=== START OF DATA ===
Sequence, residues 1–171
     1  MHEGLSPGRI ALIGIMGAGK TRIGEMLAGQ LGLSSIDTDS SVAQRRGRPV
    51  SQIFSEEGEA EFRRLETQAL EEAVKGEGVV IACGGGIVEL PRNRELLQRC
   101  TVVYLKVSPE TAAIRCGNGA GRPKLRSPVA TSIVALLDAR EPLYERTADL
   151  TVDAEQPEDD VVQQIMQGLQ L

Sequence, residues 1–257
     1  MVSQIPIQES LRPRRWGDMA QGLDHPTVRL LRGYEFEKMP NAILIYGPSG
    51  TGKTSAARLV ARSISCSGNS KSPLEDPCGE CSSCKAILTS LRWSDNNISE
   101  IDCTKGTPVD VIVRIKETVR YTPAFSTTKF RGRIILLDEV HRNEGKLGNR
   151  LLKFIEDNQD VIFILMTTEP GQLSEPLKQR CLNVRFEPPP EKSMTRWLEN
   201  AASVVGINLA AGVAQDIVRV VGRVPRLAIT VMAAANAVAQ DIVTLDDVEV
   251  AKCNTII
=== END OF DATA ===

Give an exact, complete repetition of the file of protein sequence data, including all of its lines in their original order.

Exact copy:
Sequence, residues 1–171
     1  MHEGLSPGRI ALIGIMGAGK TRIGEMLAGQ LGLSSIDTDS SVAQRRGRPV
    51  SQIFSEEGEA EFRRLETQAL EEAVKGEGVV IACGGGIVEL PRNRELLQRC
   101  TVVYLKVSPE TAAIRCGNGA GRPKLRSPVA TSIVALLDAR EPLYERTADL
   151  TVDAEQPEDD VVQQIMQGLQ L

Sequence, residues 1–257
     1  MVSQIPIQES LRPRRWGDMA QGLDHPTVRL LRGYEFEKMP NAILIYGPSG
    51  TGKTSAARLV ARSISCSGNS KSPLEDPCGE CSSCKAILTS LRWSDNNISE
   101  IDCTKGTPVD VIVRIKETVR YTPAFSTTKF RGRIILLDEV HRNEGKLGNR
   151  LLKFIEDNQD VIFILMTTEP GQLSEPLKQR CLNVRFEPPP EKSMTRWLEN
   201  AASVVGINLA AGVAQDIVRV VGRVPRLAIT VMAAANAVAQ DIVTLDDVEV
   251  AKCNTII